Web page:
Downtown Design launches new Mideast-focused section, Madar

Key brands returning to the festival include Arper, whose ranges are inspired by its design ethos. (Instagram)
Updated 11 November 2019

Downtown Design launches new Mideast-focused section, Madar

DUBAI: The UAE’s Downtown Design, which is part of the Dubai Design Week festival, is set to return, this time with a new addition to its creative displays, Madar, from Nov. 13-15. 

Dubai Design Week features a free-to-attend program that is made up of more than 200 events covering a range of disciplines including architecture, product design, interiors, multimedia and graphic design.

Madar is a curated exhibition of regional talent, with designs being showcased from around 50 contributors, according to guest curator Ghassan Salameh.

Salameh’s exhibition, which is presented within Downtown Design (a dedicated showcase of bespoke and limited-edition designs by established and emerging designers) will focus on regional design. The exhibition will shed light on the current movements in the design market.

The interactive exhibition will present insights into the state of design in the region, mapping out creative activity from Beirut, Egypt, Jordan, Palestine, Kuwait, Saudi Arabia and the UAE.

“The idea this year was to highlight regional design because ... Dubai has enough resources to become the link between different design industries in the region. Dubai is always promoting itself as the creative hub of the region so this is to further concretize this with actual concrete steps,” Salameh told Arab News. 

As part of Madar, Salameh said the exhibition will feature works from different categories related to design. “There’s going to be design research, material innovation, digital fabrication, craft preservation. We’re going to also talk about the organizations that are supporting designers,” he said.

“We’re selecting projects that are pushing towards innovation, experimentation, sustainability, design for social impact, responsible design ... We’re focusing on design that’s thoughtful,” said Salameh.

In honor of the UAE’s Year of Tolerance, bespoke rug studio Hands will unveil a piece inspired by children’s artworks. The proceeds will benefit the UAE-based Senses charity.

In anticipation of Expo 2020, Dubai Design Week will also house more country pavilions, including presentations from France and Spain.

One-hundred new brands will be displayed alongside returning exhibitors, with representatives from 30 countries in this year’s edition.

Key brands returning to the festival include Arper, whose ranges are inspired by its design ethos, and Atelier Swarovski, which will present a collaboration with the Spanish designer Tomas Alonso.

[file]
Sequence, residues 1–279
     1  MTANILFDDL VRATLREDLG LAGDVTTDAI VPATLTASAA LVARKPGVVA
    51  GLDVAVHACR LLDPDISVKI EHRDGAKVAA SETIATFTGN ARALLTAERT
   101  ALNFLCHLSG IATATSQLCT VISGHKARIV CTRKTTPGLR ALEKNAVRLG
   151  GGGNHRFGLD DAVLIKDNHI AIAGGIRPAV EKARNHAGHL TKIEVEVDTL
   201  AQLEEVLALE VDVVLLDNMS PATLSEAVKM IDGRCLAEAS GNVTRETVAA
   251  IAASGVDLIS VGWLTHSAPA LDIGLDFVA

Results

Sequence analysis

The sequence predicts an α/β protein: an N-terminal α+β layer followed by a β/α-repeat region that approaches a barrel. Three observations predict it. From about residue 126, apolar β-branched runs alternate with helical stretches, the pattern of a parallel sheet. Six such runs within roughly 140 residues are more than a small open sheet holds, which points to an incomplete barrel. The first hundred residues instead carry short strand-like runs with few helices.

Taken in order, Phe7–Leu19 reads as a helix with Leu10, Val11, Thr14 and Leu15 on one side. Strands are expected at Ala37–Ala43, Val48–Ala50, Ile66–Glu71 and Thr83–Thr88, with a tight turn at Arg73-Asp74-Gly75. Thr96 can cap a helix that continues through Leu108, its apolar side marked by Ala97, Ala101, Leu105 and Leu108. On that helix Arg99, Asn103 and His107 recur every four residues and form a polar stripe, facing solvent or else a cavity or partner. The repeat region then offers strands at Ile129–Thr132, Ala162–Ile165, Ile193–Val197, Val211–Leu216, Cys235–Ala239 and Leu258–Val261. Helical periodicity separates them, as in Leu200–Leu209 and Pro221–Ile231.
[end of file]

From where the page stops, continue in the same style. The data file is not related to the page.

A hairy situation: Facial hair proves a hot topic as coronavirus worries grow

According to the CDC, beards can interfere with the correct usage of masks and respirators. (File/Shutterstock)
Updated 31 March 2020

A hairy situation: Facial hair proves a hot topic as coronavirus worries grow

  • We take a look at the Centers for Disease Control and Prevention’s advice on mustaches, mutton chops and suave soul patches

DUBAI: With conflicting news reports from media outlets around the world stating that men should — or don’t need to — shave off their prized facial hair in order to protect themselves from the novel coronavirus, we take a look at the Centers for Disease Control and Prevention’s advice on mustaches, mutton chops and suave soul patches.

Earlier this month, the Welsh Ambulance service advised that medical personnel should “reach for the razor (as) facial hair can disrupt the effectiveness of personal protective equipment” in a tweet and the head of France's ER doctors association advised medical staff to shave off their beards for hygiene reasons. However, these measures are mainly aimed at medical staff who rely on masks and respirators, while advice for the general public has not yet touched upon facial hair as a potential danger in the spread of coronavirus.

What’s clear, however, is the fact that beards can interfere with the correct usage of masks and respirators.

Masks and respirators are being utilized all around the world in a bid to help curb the spread of the novel coronavirus. But according to a recently resurfaced 2017 Centers for Disease Control and Prevention (CDC) infographic, one’s facial hair can interfere with how effective these filtering items are.

The infographic shows 36 different facial hair styles and provides names for each of them — some of which could be unknown to even the savviest barbers. It also tells you which facial hair styles would and would not work well with a “filtering facepiece respirator” like the P2/N95 respirator, that may protect you against small airborne microbes if worn properly.

While handlebars, lampshades and soul patches are deemed good to go, other facial hair styles, such as mutton chops and a full beard are advised against.

According to the infographic, facial hair can pose a risk to the effectiveness of masks because it may interfere with respirators that rely on a tight facepiece seal to achieve maximum protection.

In short, making sure there’s a good seal between the mask and the wearer’s face is a vital part of respiratory protection, however facial hair can compromise that seal.

The CDC recommends that any facial hair that can fit entirely under a close-fitting respirator should be fine. Where it looks like you might have some problems is if your facial hair is long enough or covers enough of your face that it pushes against the seal of the respirator, thereby allowing airborne particles to leak through.

However, it’s important to note that the CDC only recommends facial masks and facepiece respirators for those who work in the healthcare industry and those who are coming into contact with people who could be potentially infected with the disease, as well as individuals with confirmed or suspected cases of COVID-19.